If you have itchy skin, you may benefit from one of the aforementioned management options or a mild hydrocortisone cream. It can be tough to know what’s going on with the skin you can’t see, so it’s safest to take good care not to irritate it.

5. Check Product Labels

If you often have adverse reactions to skin care products, make sure to carefully review the packaging.

Look for a facial cleanser with “fragrance-free” on the label. Products that have fragrances can cause adverse reactions. Also avoid products that contain alcohol, which can cause dryness and worsen psoriasis.

Consider looking for the National Psoriasis Foundation Seal of Recognition as well. Products with this designations are generally accepted to be safe for people with psoriasis to use.

6. Talk to Your Doctor About Topical Treatments

Topical treatments, such as ointments, lotions, or creams, are sometimes used to treat facial psoriasis. These include over-the-counter products containing active ingredients such as salicylic acid, hydrocortisone, or coal tar, as well as prescription treatments.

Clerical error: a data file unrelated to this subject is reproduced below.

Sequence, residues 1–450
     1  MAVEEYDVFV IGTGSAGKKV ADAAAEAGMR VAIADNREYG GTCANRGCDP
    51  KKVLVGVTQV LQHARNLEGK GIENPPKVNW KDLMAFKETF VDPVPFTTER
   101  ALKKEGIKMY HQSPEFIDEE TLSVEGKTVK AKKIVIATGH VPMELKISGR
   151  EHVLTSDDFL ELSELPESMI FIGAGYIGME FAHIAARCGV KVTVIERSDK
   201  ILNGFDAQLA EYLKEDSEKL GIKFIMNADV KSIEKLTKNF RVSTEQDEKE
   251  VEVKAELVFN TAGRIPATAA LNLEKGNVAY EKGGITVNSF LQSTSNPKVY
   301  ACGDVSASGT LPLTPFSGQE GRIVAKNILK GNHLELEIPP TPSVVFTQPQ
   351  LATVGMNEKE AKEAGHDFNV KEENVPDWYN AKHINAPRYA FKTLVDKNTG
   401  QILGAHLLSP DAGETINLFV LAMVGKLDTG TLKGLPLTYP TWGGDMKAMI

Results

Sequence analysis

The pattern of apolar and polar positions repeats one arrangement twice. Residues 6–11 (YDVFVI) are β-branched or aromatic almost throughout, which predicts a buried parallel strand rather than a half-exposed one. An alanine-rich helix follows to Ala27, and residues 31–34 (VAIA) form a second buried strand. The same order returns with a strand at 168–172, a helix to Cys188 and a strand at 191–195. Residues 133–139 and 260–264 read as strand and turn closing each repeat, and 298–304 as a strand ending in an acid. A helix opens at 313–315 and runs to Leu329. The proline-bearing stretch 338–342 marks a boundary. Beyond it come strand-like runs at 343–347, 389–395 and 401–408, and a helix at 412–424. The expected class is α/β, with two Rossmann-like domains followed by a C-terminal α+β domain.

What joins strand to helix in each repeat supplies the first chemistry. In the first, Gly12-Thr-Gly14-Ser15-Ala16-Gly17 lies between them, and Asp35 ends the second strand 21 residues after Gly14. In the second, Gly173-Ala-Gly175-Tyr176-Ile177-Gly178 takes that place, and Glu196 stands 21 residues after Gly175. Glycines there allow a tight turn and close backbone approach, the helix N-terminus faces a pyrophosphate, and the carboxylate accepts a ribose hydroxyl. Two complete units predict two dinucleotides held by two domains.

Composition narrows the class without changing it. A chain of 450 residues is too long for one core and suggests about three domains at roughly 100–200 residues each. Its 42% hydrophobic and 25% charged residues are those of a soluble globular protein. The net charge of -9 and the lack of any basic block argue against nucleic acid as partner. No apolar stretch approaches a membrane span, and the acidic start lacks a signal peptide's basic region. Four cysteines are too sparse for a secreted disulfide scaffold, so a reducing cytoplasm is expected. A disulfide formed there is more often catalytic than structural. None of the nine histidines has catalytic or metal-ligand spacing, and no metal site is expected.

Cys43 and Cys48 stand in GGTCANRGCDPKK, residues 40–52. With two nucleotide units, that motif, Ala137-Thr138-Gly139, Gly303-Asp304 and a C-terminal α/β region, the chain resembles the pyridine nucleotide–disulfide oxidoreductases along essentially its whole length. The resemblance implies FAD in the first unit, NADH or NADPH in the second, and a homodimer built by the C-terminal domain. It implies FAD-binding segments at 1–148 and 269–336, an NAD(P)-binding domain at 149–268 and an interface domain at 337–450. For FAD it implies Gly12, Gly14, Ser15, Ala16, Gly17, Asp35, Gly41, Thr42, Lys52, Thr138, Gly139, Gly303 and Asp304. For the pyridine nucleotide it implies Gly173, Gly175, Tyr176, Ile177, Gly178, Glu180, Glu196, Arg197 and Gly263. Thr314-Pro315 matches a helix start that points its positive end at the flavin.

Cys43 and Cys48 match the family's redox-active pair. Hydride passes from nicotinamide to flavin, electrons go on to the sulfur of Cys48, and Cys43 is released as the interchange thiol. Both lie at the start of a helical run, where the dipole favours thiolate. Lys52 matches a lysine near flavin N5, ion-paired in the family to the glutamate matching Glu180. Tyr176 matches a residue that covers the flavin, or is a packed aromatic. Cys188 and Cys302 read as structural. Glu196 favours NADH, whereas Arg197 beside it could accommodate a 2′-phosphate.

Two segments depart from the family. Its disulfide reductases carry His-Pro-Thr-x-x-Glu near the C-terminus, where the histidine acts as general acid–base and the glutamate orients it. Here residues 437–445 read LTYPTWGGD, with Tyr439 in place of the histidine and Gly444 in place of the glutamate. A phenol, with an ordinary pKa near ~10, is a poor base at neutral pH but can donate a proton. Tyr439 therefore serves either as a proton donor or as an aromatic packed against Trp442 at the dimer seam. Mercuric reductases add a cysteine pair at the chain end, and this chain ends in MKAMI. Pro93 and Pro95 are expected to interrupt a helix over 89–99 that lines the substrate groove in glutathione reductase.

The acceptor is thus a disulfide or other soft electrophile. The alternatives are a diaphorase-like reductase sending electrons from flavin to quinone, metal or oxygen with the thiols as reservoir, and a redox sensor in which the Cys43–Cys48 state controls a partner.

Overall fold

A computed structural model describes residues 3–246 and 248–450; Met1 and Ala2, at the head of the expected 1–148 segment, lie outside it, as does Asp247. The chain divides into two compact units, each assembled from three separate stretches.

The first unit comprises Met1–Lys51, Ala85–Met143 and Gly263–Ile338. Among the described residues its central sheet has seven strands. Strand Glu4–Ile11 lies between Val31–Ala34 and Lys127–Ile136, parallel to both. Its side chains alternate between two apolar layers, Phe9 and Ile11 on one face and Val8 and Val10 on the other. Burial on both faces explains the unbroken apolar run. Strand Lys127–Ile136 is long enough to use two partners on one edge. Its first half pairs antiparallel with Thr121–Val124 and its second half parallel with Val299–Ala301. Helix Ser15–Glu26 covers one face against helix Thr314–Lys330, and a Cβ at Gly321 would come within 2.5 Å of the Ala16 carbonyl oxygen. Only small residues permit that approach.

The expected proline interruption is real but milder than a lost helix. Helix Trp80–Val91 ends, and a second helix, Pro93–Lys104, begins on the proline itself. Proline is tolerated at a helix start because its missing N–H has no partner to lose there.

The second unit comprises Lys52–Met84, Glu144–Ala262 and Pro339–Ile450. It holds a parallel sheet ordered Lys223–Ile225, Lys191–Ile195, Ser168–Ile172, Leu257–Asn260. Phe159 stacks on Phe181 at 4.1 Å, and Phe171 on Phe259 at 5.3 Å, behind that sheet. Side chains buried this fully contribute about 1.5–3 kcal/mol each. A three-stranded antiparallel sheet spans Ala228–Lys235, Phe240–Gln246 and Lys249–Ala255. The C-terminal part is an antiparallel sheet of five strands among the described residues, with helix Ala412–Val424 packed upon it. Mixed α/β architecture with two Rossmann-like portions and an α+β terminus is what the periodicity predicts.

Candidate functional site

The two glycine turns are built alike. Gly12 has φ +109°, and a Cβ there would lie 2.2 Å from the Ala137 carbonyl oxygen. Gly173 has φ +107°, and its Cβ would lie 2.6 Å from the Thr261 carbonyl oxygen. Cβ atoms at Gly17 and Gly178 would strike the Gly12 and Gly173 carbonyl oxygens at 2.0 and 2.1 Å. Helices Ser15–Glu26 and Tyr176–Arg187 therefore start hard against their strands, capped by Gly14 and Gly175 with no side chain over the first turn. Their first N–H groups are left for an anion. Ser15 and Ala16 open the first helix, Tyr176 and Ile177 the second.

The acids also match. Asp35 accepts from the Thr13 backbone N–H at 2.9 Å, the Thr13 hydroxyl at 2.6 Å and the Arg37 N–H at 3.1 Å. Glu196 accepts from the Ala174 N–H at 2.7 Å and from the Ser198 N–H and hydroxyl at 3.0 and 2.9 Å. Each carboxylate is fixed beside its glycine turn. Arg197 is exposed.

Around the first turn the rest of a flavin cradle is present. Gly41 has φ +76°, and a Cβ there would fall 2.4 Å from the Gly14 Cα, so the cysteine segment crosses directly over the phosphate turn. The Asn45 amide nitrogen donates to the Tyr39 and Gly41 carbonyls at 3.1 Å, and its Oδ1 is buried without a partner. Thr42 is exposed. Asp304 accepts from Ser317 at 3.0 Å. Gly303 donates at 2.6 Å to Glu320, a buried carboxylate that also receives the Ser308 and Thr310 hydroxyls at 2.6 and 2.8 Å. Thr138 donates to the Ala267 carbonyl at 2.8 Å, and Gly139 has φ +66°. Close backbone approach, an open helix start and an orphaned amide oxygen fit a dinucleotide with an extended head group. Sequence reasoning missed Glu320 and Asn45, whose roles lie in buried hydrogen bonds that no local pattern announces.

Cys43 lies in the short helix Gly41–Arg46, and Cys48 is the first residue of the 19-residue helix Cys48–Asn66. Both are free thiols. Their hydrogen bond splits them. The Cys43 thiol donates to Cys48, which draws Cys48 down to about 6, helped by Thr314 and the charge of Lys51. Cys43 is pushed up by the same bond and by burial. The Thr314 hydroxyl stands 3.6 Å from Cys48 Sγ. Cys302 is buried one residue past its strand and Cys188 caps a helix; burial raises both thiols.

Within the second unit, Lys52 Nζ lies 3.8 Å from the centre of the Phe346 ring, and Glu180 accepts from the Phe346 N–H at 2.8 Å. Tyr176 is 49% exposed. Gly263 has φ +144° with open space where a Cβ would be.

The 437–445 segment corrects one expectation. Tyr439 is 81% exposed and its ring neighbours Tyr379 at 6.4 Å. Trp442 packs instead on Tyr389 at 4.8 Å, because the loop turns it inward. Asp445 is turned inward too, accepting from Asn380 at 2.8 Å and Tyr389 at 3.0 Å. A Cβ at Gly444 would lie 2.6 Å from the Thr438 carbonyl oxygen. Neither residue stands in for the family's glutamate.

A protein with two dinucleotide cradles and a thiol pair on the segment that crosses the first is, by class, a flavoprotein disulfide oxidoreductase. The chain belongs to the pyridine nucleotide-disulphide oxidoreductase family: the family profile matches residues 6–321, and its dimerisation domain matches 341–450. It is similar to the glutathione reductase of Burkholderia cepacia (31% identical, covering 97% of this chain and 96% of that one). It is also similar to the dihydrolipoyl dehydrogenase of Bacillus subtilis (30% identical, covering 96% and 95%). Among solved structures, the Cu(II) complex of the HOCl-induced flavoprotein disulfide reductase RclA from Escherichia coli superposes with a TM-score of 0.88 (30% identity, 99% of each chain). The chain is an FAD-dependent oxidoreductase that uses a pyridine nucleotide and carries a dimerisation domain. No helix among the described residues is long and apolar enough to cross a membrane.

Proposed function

Talk to your doctor about how to find the best topical treatment for you and how to best apply topicals if you have facial hair.

You Are Not Alone: Finding Support for Psoriasis

By joining MyPsoriasisTeam, the social network and online support group for those living with psoriasis, you gain a support group of more than 113,000 members.

How do you manage psoriasis and facial hair? What helps you look and feel good? Share your tips and experiences in a comment below or on MyPsoriasisTeam.

Posted on January 11, 2023
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Kevin Berman, M.D., Ph.D. is a dermatologist at the Atlanta Center for Dermatologic Disease, Atlanta, GA. Review provided by VeriMed Healthcare Network. Learn more about him here.
Anika Brahmbhatt is an undergraduate student at Boston University, where she is pursuing a dual degree in media science and psychology. Learn more about her here.